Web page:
kind of property owner arises — the owner of copyright. Not
coincidentally, a new kind of celebrity, and anew kind of urbanity arises
at the same time as the recognition of this new kind of property. Samuel
Johnson was one of the first writers to openly make his living from his
trade, and became famous for it. Johnson claimed that "there seems to be
in authors a stronger right of property than that by occupancy; a
metaphysical right, a right, as it were, of creation...".2 Johnson
realised that this property right had to be balanced against the common
interest in that the knowledge contained in a book be "universally
diffused among mankind." Hence Johnson argued for an exclusive right that
would be limited in duration. As Mark Rose of the Univers! ity of
California argues, "at one level, the literary-property question was a
legal struggle about the nature of property and how the law might adapt
itself to the changed circumstances of an economy based on trade. At
another, it was a contest about how far the ideology of possessive
individualism should be extended into the realm of cultural
production."3As it turned out, it could be extended very far indeed. As
with the ownership of land or capital, the arguments made for it could be
based on the doctrines of natural law. Someone is entitled to own whatever
is the object and product of their own labour. But the creation of
information as a form of private and tradeable property is no more natural
than the creation of land and capital as private property. A fully
market-based economy rests on the convention of property, backed by the
authority of the courts. Information can be an object of a law of
property, just like capital or land, but does not necessarily behave the !
same way. What is distinctive about information is firstly that my
possession of it need not deprive you of it. I cannot possess land that
you at the same time possess, but I can know something that you at the
same time know. The possession of information does not require the
dispossession of another. Secondly, copying information is distinct form
creating it. If I grow wheat or make a shoe, the copying of either of
these things takes as much effort as making them, and is in fact an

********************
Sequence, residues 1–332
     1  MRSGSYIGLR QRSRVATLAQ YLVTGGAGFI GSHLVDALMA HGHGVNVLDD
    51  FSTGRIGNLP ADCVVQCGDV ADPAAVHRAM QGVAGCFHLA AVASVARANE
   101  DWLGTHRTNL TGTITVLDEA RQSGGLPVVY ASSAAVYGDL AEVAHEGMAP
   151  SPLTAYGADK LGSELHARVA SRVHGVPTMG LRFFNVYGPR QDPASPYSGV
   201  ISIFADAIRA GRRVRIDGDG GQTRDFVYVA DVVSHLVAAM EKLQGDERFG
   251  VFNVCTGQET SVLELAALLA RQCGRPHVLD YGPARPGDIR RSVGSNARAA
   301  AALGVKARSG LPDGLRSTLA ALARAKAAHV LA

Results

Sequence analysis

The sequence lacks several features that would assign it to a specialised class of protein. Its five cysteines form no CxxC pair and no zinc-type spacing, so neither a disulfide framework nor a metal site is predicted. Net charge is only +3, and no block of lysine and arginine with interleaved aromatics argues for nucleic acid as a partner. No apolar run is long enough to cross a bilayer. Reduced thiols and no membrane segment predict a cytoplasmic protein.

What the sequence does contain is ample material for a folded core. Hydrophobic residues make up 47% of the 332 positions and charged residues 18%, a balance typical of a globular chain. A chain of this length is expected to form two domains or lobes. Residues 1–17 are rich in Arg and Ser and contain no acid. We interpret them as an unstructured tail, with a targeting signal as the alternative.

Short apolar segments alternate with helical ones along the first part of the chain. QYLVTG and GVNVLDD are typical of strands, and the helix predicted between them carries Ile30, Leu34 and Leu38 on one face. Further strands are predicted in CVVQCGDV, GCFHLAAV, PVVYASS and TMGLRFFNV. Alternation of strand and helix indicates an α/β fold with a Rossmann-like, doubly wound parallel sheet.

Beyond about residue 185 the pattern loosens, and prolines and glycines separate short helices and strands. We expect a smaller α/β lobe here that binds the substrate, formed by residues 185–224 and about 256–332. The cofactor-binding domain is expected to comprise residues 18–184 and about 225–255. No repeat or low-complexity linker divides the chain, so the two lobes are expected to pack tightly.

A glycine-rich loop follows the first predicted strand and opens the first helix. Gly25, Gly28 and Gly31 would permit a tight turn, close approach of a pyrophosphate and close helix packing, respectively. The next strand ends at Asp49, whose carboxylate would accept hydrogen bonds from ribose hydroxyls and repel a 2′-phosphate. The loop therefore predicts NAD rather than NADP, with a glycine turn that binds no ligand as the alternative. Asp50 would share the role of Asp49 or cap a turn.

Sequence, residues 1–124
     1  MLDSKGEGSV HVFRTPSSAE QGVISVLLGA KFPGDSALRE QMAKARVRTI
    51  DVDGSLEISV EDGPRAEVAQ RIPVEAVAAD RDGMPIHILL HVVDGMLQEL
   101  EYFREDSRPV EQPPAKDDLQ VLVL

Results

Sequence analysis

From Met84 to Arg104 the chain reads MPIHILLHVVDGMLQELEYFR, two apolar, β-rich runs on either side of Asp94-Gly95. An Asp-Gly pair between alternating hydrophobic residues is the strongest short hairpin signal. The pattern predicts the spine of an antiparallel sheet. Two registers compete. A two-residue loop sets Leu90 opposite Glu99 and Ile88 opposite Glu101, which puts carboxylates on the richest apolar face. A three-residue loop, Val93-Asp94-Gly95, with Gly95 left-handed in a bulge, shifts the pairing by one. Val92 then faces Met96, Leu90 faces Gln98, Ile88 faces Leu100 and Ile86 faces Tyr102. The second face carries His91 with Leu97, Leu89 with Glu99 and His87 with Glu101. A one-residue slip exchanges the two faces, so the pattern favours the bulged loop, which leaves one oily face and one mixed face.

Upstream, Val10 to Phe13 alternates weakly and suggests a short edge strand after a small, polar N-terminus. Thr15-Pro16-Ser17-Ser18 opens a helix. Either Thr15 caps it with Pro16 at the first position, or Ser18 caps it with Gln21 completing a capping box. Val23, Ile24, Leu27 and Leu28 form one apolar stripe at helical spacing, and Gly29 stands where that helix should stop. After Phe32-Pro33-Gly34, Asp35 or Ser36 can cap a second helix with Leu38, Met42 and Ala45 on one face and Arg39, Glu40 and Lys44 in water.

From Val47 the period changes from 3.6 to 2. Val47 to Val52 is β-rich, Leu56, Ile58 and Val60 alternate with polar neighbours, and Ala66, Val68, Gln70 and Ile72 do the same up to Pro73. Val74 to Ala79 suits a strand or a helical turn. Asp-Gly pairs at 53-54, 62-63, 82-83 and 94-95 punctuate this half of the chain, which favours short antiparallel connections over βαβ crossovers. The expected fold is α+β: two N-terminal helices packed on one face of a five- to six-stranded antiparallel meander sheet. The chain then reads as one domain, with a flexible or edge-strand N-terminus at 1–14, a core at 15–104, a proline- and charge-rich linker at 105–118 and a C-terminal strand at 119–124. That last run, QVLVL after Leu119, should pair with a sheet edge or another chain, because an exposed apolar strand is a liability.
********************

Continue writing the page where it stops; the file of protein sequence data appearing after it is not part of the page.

identical act to making them. If I write a book or compose a song, the
copying of it requires much less effort. An effort tending, from the
invention of moveable type to the invention of the floppy disc, to
diminish to nothing. In short, information behaves very differently to a
physical thing, and as a form of property it is quite the opposite of
land. Land cannot be copied and is in fixed supply; information can be
endlessly copied, and the copying of it is simple compared to making it in
the fir! st place. The principles of the information economy have existed
for hundreds of years, and were worked out alongside the legal fictions
for other kinds of property according to which a commodity economy would
be regulated. It is late in the 20th century that the information economy
has become conspicuous in size and influence, in part because the
evolution of the technical means of storing and distributing information
have advanced very rapidly. Most information workers, like most
agricultural and industrial workers, have to sell their capacity to work,
and do not, in the end, own what they make. The worker might have the
capacity in their head or hands to produce something, but lack the means
to realise it. Where other workers confront owners of land or capital,
information workers confront owners of what I call vectors. A vector is
the physical and technical means of moving information across space, or
preserving it across time. As with agriculture or industry, the tech!
nical development of information reaches a point where economies of scale
dictate the formation of large enterprises which own and control vast
vectors for the distribution of information, just as other businesses
control vast tracts of land or physical plant and equipment. What is often
conceived as globalisation may just be the growth of the information
economy due to the technical advance of the vector, and the subordination
of the economies of capital and land to it. The reason for this is not
hard to fathom. The functioning of markets presupposes the transmission of
information labour demand, supply and the prices that mediate between from
one place to another. The information economy grows, in part, on its
capacity to expand the opportunities for owners of land and capital. What
is often perceived as a shift in the balance of power from labour to
capital in the 90s may rather be a shift in the centre of gravity of
economic activity, from the economies of capital and ! land, to that of
information. The most conspicuous beneficiaries of such a shift are the
owners of vectors, the Murdochs and Packers. Less noticed are those
beneficiaries who are not owners but merely workers in this expanding
economy, which includes both information-specific businesses, and also the
information component of the business of capital and land, of making
things and growing things.What appears as an information proletariat is a
pool of unemployed or marginally employed people who have not made the
transition from an economy dominated by making things to an economy
dominated by making information. Just as the transition from agriculture
to manufacturing produced an under-employed population, this second
transition also produces such a proletariat, and once again, in its
desperation, it is tempted to embrace populist solutions, involving a
strong state that will maintain an economy to its liking. The left has
always been an unstable and uneasy alliance, and has ! always included the
representatives of industrial labour, the most organised part of the
economy of capital and the making and things. It has also included members
of the information-working class. The difficulty for the left is that the
interests of these different kinds of worker are further apart than ever.
The former are tempted to struggle for the retarding of the shift in the
centre of gravity toward the information economy. The latter have no
interest in such a retrogressive step, and have their own agenda of